How to take great pictures of the supermoon with a cell phone or digital camera

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SAN DIEGO – The moon doesn’t get much bigger and brighter than this.

On Monday, Earthlings will be treated to a so-called supermoon. That’s the closest full moon of the year, or every 14 months to be precise, FOX 31 reported.

Monday’s supermoon will be extra super — it will be the closest the moon comes to us in almost 69 years. And it won’t happen again for another 18 years.

NASA says closest approach will occur at 4:21 a.m. MT when the moon comes within 221,523 miles (356,508 kilometers). That’s from the center of the Earth to the center of the moon. Full moon will occur at 6:52 a.m. MT.

NASA planetary geologist Noah Petro is urging everyone to step outside and soak in the view. Prime viewing will be Sunday and Monday nights.

Want to get a picture of the Supermoon? Here’s tips from Bill Ingalls, NASA Photographer.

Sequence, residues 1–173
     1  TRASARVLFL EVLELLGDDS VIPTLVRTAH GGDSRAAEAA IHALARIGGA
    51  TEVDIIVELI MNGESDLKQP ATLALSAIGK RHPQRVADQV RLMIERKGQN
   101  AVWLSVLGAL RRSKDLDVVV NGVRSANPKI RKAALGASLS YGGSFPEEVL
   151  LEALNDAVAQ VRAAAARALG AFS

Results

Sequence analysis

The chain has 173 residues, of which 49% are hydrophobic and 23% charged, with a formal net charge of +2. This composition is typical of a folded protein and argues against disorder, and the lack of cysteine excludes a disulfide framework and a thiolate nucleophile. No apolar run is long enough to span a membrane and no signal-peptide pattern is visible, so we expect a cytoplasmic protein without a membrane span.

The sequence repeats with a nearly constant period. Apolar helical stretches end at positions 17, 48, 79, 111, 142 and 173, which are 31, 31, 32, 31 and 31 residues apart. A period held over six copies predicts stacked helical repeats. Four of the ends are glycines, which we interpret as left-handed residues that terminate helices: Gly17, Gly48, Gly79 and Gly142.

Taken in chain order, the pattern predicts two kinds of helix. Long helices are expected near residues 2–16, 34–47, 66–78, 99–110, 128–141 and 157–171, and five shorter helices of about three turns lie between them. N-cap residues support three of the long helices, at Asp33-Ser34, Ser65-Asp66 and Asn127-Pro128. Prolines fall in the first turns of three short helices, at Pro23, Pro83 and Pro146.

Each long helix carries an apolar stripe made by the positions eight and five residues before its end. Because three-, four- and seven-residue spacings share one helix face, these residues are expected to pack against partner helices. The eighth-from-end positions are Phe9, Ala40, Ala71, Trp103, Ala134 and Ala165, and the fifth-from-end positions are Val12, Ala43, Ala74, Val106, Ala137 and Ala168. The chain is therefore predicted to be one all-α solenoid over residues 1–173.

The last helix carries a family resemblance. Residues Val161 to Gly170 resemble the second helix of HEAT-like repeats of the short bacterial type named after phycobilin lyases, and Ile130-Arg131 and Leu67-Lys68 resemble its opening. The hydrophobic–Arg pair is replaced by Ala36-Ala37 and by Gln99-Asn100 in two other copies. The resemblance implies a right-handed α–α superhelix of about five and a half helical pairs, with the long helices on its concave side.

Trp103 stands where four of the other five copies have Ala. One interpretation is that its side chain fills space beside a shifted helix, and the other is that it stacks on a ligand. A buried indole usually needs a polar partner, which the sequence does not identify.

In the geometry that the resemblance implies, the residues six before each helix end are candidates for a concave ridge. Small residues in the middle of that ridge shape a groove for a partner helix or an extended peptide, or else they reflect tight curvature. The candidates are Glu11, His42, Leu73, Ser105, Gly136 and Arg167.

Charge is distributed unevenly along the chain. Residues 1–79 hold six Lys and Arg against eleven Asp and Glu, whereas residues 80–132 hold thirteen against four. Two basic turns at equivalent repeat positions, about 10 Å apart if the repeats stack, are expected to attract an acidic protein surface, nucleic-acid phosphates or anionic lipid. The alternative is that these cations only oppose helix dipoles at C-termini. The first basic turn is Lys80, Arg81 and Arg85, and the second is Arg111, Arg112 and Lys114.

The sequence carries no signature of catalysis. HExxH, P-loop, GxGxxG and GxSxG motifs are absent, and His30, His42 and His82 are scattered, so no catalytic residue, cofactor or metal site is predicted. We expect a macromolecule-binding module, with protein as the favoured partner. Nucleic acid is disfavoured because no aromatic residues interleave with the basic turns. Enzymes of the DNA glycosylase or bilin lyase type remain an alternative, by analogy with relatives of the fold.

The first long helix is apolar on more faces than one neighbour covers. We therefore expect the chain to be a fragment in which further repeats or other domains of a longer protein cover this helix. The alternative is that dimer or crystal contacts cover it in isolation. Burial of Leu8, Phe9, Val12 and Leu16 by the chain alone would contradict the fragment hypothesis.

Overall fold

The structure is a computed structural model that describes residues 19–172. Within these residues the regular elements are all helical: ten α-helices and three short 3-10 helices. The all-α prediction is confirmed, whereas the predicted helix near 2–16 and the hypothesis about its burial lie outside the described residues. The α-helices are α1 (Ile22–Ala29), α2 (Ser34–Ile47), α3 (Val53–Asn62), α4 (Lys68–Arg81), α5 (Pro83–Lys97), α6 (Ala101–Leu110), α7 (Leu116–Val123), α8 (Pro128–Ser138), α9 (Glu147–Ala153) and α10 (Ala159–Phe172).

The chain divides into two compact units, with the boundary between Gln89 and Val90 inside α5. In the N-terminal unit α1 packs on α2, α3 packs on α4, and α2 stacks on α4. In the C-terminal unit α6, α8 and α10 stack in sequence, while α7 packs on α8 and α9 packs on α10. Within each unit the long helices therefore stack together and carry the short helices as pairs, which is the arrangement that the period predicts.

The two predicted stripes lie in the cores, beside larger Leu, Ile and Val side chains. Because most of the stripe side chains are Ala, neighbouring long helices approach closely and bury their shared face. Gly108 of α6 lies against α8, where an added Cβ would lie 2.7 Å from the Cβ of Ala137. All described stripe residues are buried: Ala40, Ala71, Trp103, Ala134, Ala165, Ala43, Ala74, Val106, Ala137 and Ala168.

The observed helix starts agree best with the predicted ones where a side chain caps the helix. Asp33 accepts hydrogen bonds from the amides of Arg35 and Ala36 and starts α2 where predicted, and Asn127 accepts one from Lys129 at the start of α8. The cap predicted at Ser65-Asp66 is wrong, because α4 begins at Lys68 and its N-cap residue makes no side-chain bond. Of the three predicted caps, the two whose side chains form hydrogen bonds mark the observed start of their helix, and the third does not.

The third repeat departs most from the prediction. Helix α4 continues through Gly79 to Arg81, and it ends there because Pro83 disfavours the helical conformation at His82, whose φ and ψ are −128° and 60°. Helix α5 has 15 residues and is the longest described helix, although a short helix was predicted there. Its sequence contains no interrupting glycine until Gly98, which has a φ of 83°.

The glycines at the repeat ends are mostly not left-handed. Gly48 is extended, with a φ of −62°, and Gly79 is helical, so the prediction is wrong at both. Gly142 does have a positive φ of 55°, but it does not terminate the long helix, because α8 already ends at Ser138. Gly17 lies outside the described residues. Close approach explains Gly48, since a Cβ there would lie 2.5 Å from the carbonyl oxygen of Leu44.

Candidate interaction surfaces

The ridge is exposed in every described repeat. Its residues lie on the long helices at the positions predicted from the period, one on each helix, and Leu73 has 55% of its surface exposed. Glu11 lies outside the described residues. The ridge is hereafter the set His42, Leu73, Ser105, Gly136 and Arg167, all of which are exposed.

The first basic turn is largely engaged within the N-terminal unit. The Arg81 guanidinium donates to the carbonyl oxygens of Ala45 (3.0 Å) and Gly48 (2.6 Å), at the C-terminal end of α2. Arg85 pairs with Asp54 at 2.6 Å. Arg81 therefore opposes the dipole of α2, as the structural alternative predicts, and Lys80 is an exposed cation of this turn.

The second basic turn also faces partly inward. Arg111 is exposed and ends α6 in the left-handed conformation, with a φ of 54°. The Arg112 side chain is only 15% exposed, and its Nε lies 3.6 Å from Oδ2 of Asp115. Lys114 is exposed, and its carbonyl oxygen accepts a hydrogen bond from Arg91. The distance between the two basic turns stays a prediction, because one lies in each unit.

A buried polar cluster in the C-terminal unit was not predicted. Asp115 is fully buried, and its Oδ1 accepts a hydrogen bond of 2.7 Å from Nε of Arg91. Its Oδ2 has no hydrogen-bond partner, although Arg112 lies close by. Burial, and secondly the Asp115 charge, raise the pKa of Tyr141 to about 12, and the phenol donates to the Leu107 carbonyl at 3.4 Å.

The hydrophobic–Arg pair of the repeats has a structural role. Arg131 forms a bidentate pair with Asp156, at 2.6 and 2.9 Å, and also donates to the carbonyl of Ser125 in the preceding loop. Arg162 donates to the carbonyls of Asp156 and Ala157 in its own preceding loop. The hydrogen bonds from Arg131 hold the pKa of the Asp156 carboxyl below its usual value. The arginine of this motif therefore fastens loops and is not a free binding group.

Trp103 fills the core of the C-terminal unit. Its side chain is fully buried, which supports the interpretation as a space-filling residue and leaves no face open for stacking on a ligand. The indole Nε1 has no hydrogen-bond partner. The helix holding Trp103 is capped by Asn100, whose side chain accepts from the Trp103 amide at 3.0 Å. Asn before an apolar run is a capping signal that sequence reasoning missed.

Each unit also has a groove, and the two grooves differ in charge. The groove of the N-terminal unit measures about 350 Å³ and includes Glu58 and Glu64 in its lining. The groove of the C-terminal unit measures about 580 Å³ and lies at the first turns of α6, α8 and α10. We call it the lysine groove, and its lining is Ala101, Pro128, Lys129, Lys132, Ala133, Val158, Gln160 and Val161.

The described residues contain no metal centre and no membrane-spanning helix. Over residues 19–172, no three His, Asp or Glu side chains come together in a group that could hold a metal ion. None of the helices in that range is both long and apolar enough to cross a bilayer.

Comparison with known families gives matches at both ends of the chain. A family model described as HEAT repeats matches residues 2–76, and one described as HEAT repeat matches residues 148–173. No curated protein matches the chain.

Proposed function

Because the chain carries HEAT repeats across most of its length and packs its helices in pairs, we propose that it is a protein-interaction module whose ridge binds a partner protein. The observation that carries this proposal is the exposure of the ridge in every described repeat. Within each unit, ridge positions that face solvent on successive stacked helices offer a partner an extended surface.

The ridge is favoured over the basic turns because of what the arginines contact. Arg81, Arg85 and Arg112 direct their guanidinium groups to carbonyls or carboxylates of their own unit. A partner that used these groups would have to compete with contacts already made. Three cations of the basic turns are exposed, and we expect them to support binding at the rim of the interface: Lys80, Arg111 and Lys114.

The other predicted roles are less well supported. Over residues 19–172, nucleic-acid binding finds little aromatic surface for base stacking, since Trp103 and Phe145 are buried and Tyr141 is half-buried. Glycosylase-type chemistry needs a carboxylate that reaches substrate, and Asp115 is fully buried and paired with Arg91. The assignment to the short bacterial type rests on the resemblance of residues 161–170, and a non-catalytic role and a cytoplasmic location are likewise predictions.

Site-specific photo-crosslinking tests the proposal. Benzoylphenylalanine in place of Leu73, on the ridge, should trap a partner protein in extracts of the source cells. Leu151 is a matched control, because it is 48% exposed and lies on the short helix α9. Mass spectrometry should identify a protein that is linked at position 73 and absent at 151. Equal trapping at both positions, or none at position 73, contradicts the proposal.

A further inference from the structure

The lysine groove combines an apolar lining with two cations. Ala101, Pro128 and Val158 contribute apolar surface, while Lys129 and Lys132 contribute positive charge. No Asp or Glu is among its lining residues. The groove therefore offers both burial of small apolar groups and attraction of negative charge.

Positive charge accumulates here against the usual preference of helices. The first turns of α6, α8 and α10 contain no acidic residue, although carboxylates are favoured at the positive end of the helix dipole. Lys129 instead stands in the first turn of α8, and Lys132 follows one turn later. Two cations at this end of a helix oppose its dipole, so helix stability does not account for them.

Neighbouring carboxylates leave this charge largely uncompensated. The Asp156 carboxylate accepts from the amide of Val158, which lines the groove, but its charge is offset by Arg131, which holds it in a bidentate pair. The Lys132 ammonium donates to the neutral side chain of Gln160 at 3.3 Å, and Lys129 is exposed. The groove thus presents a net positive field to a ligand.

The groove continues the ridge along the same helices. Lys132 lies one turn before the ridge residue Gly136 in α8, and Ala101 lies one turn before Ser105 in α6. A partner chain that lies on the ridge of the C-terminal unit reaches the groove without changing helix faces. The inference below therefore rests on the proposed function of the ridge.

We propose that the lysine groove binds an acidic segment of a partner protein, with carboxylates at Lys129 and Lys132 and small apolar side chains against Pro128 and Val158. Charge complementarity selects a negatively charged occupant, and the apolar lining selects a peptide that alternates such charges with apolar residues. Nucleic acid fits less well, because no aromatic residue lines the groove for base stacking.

• Get something else in the shot for reference.
  • Do your research, plan in advance where to shoot.
  • The moon will be closest during Monday morning’s moonset, but Sunday evening will be great too.
  • Taking the pic on a smartphone? Tap the screen and hold your finger on the moon to lock the focus. Then slide your finger up or down to darken or lighten the exposure.
  • Using a digital SLR? Use the daylight white balance setting. If you use longer lens, remember the moon is a moving object. Balance between trying to get the right exposure and a faster shutter.

According to EarthSky.org, the moon will turn precisely full on Nov. 14 at 1:52 p.m. UTC, or 6:52 a.m. MT.

For viewers in eastern North America and Europe, the best view will likely be on the night of Nov. 13, or the following night.

Early risers on the US West Coast should be able to spot it near its fullest at 5:52 a.m. PST, as the sun does not rise in that region until 6:25 a.m.

Moon spotters in Asia are perhaps the best placed to catch the moon at its absolute largest, with full moon occurring at 9:52 p.m. Hong Kong time, or 7:22 p.m. in India.

While the moon will likely be visible throughout the day (depending on cloud coverage), supermoons are best viewed at night, away from sources of light pollution.

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